Google Alleged Code Copying Is a Huge Management Problem

Last Updated Oct 29, 2010 12:23 PM EDT

The legal feud between Oracle (ORCL) and Google (GOOG) over alleged copyright and patent infringement has just taken an interesting turn. Oracle amended its complaint to include alleged examples of directly copied code. The comparison looks exact, which is bad news for Google's defense. Things could get far worse, as well, should this example be just the first of many.

However, for a moment, put aside whether Google has to pay a large sum of cash to Oracle. There is a far bigger issue of whether Google has the management systems in place to properly direct what the company does and how it manages risk. Given what has come out even so far in this case and in the turmoil over Google's sampling private data from Wi-Fi hot spots around the world, the answer would seem to be no. That raises the question of whether CEO Eric Schmidt and his top executive team are performing some of the most basic management functions that any corporation needs.

As you can see in these side-by-side comparisons, the examples of code from Oracle and from Google look identical

Here's one example that our sister site ZDNet pulled out of the documents (click on the image for a larger view):

Even if these are the only examples Oracle can find of identical code -- not likely, I think, but posit it for now -- the damage done to Google's defense is enormous. One of the points Google made in answering the complaint was that the company developed a so-called clean room version of Java. In other words, Google says that it put developers into a vacuum. Without reference to how Sun Microsystems, acquired by Oracle, coded Java software, Google's development team was supposed to work backwards from what the software was supposed to do and create its own version.

Might some code realistically look similar? Absolutely, as engineers could easily reach for similar approaches to solving problems. But completely identical, down to variable names? Ha!

Now Google has some serious explaining to do. In the early days of the Wi-Fi data grabbing tumult, the explanation was that the whole multi-year-long episode was one big error, as a company statement suggested:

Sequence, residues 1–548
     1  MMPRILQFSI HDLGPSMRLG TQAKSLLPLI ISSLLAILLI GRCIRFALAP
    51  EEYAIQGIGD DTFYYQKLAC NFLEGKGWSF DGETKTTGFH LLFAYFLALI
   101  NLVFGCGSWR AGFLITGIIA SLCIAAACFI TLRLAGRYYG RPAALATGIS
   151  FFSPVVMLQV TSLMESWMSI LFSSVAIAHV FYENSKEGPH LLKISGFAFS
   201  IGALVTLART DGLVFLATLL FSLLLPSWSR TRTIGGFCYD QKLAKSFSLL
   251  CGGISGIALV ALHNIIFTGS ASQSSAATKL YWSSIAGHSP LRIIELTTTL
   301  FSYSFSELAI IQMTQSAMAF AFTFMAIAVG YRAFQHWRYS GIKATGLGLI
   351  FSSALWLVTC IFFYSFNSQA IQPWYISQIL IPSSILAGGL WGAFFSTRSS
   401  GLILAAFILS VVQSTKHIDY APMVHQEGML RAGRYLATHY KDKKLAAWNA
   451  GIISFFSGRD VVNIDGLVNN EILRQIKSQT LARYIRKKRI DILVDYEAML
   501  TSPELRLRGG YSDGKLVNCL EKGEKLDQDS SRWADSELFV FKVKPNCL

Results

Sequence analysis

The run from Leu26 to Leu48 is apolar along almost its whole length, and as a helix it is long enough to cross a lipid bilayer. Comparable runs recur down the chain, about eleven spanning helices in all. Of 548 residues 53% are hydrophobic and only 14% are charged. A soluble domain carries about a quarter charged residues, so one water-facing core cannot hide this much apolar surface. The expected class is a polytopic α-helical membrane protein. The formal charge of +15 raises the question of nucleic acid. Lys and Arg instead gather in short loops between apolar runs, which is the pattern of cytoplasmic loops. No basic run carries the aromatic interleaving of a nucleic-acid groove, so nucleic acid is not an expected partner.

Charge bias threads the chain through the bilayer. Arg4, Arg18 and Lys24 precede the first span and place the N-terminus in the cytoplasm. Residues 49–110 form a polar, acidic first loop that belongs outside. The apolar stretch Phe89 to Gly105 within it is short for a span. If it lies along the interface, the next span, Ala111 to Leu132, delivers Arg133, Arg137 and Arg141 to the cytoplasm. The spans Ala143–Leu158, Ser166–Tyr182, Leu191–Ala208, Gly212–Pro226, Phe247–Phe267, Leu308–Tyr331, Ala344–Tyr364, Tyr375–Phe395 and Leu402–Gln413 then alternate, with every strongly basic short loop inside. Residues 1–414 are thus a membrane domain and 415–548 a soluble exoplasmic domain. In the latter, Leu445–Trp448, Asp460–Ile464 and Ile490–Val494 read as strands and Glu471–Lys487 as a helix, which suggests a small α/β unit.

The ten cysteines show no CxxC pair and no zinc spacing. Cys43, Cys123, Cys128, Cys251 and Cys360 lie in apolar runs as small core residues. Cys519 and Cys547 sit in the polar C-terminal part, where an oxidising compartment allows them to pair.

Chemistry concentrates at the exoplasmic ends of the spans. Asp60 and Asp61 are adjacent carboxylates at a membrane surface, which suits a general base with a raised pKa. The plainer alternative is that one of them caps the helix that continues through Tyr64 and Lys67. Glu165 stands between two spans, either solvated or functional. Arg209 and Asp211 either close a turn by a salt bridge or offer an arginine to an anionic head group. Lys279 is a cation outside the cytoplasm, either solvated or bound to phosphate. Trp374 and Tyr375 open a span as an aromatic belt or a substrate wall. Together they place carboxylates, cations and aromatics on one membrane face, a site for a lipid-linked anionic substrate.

So how did this happen? Quite simply, it was a mistake. In 2006 an engineer working on an experimental WiFi project wrote a piece of code that sampled all categories of publicly broadcast WiFi data. A year later, when our mobile team started a project to collect basic WiFi network data like SSID information and MAC addresses using Google's Street View cars, they included that code in their software -- although the project leaders did not want, and had no intention of using, payload data.
At the time, I walked through a six-step analysis of why this was so much unprocessed, bovine-delivered plant fertilizer:
  1. As developers wrote code, either they documented their work or not.
  2. Either the project had supervision or not.
  3. If the project had supervision, either people did their jobs and knew what was going in or not.
  4. If the people knew what was happening, then they either competently ensured that code was documented or not.
  5. If supervisors did their jobs, either communication allowed management to know of the data, or the communications necessary to properly running a company was absent and the whole effort was for naught.
  6. If management knew, then it lied and then did an about face in public.
Change the word "documented" to "copied" and you could reuse the same thread of logic.

Clean room development does not result in sections of identical code any more than putting six monkeys on typewriters in a room for a few months will give you pages of Shakespeare. So either management knew what was going on, in which case it acted in a completely irresponsible manner, or the company didn't have the checks and balances in place to be sure that everything was done as it should be to avoid a problem with the pugilistic Oracle, in which case management acted in a completely irresponsible manner.

The conclusion is the same, and that raises yet another question: Can Google ever achieve its potential when those who run it seem unable to exert meaningful control when it counts most?


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    Erik Sherman is a widely published writer and editor who also does select ghosting and corporate work. The views expressed in this column belong to Sherman and do not represent the views of CBS Interactive. Follow him on Twitter at @ErikSherman or on Facebook.